Working out the fitting for this pattern has been the biggest challenge so far. The combination of the textured stitch pattern, the garter stitch panels at the sides of the sweater, and the bottom-up saddle-shoulder construction doesn’t give a lot of room for improvising and makes it a bit harder to move between sizes. Plus, there’s about a 5″ difference between each pattern size, which also makes it a bit trickier to pick the right size to work with. The pattern is actually written with separate instructions for men and women, so that there’s one set of finished chest measurements, but two sets of instructions for shaping the cardigan so that it fits more conventional feminine or masculine styling. (Basically, the women’s version includes some waist shaping, a higher armscye, and the length through the body and sleeves is also a bit shorter.) The trade off for a unisex pattern seems to be fewer overall size options, but so it goes.

Right now, my plan is to basically make up the 46” size through the body. However, I’ll be casting on for the number of stitches called for in the 51” size, and dividing the extra stitches between the garter panels at the sides and the cardigan fronts. I’ll get rid of the extra stitches in the garter panels by working additional waist decreases and then get rid of the extra stitches on the cardigan fronts by starting the v-shaping for the neckline sooner than called for in the pattern. This will give me more room at the hips, waist, and bust, while allowing me to work the shoulder and armscye shaping for a smaller size. The shoulders for the 46″ will be too wide for me, so I’m going to try to work some extra decreases in the yoke shaping in hopes that I can decrease down to the appropriate number of stitches for the 41.25″ size. Here’s hoping the plan works out!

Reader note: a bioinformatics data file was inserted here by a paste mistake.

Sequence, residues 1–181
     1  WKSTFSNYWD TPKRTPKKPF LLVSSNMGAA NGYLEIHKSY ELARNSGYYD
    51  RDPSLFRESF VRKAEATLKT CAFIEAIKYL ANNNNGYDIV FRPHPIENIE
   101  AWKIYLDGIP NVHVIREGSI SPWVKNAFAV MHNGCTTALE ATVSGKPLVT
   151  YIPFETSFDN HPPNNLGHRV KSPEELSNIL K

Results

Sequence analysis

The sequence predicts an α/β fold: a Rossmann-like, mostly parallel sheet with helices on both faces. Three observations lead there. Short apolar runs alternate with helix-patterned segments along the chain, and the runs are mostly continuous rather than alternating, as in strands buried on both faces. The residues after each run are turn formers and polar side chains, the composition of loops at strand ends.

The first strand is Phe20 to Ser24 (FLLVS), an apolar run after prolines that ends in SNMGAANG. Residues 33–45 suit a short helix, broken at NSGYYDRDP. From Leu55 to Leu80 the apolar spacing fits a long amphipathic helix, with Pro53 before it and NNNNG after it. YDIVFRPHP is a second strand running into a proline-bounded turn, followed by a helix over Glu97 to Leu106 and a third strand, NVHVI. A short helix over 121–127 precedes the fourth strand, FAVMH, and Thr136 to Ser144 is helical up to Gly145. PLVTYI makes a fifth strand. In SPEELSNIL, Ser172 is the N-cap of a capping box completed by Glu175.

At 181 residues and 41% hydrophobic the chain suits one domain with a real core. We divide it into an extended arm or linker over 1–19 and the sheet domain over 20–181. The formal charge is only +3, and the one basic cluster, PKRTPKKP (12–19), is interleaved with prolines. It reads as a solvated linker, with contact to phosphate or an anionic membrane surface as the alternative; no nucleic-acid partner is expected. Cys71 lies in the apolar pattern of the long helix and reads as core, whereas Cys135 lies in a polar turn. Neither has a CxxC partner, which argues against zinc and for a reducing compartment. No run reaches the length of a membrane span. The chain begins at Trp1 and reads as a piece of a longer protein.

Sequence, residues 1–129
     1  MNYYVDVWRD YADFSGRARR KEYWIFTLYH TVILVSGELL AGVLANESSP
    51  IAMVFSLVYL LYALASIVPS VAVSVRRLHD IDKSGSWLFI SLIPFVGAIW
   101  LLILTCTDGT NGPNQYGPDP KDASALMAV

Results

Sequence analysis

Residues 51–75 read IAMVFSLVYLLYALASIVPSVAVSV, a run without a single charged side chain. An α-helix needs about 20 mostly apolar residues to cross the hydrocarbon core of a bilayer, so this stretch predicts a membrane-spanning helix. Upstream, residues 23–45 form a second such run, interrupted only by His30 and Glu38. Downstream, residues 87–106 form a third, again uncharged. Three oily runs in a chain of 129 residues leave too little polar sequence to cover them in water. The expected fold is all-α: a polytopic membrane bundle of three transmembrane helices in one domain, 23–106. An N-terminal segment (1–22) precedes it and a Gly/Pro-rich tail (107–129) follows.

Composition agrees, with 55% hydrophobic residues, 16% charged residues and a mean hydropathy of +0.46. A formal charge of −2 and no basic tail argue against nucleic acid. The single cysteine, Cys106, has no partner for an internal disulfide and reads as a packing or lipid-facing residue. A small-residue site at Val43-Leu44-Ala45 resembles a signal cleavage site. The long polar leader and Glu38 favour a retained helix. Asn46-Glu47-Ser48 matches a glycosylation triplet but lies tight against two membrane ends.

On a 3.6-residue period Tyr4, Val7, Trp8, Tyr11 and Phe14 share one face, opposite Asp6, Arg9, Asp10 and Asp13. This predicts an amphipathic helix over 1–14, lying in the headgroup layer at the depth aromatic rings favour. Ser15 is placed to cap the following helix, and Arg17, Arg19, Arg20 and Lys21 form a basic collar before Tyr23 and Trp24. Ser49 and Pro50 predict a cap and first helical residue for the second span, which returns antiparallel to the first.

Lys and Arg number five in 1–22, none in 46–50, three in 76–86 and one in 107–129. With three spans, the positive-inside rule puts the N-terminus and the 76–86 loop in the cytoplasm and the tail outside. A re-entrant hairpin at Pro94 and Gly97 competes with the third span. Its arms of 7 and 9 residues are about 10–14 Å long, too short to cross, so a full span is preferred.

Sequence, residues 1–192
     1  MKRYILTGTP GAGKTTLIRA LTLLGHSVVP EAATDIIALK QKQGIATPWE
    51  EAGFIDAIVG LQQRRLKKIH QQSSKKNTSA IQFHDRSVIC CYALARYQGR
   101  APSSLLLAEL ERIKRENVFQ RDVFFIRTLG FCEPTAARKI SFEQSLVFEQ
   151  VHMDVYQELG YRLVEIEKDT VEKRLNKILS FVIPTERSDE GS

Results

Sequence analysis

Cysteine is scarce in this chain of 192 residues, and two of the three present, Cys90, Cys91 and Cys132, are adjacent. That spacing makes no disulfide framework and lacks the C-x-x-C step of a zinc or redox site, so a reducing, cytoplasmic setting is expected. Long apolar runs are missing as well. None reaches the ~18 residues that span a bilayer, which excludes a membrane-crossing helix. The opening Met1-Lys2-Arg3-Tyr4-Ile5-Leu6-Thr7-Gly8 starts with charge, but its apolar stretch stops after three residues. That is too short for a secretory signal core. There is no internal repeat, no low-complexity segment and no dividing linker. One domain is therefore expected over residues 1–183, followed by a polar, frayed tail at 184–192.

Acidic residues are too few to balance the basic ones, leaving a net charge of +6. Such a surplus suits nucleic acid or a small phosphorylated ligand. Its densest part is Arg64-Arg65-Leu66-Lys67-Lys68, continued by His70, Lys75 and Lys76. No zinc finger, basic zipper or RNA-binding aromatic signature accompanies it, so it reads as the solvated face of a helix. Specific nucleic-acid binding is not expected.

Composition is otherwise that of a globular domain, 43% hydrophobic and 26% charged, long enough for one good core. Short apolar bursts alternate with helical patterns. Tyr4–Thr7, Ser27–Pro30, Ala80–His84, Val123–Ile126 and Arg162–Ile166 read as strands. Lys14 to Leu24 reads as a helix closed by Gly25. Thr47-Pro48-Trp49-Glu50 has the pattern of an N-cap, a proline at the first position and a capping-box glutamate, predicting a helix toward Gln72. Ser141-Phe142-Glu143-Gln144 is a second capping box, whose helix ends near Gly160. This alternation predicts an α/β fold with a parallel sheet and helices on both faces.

Portrait of a Crafter in the Gray Days of February

I’ve been sewing steadily through my stack of cut  and prepped projects. This past weekend, I finished up another version of McCalls 6844. Since then, I’ve been slowly working on a version of the Jalie Scarf Top and am nearly finished—I just need to figure out how I want to hem the sleeves and the bottom. The next few weeks are exceptionally busy for me, so I’m not sure when I’ll get the chance to take pictures, but I’ll post about both eventually.

Asymmetrical Hoodie from Ottobre Woman 5/2014

Asymmetrical Hoodie from Ottobre Woman 5/2014

The other projects I’ve got cut and ready to go are pretty simple and, actually, most of what remains in the pile is gift sewing. I’m already looking ahead and planning what I’ll work on when I get through those projects, and I’ve got two particular patterns on the brain. First, I’m planning to make up the asymmetrical hoodie pattern from the 2014 Fall/Winter issue of Ottobre Woman. I’m going to keep it pretty basic and use some black sweatshirt fleece I bought from Girl Charlee recently. Then I’m going to try the Camas Blouse from Thread Theory in a lightweight gray cotton blend jersey. I tried making McCall’s 7018 last fall, but I ended up not liking the style or the fit of that pattern so I didn’t bother finishing it. I think the style of the Camas Blouse (especially the v-neck) will suit me better.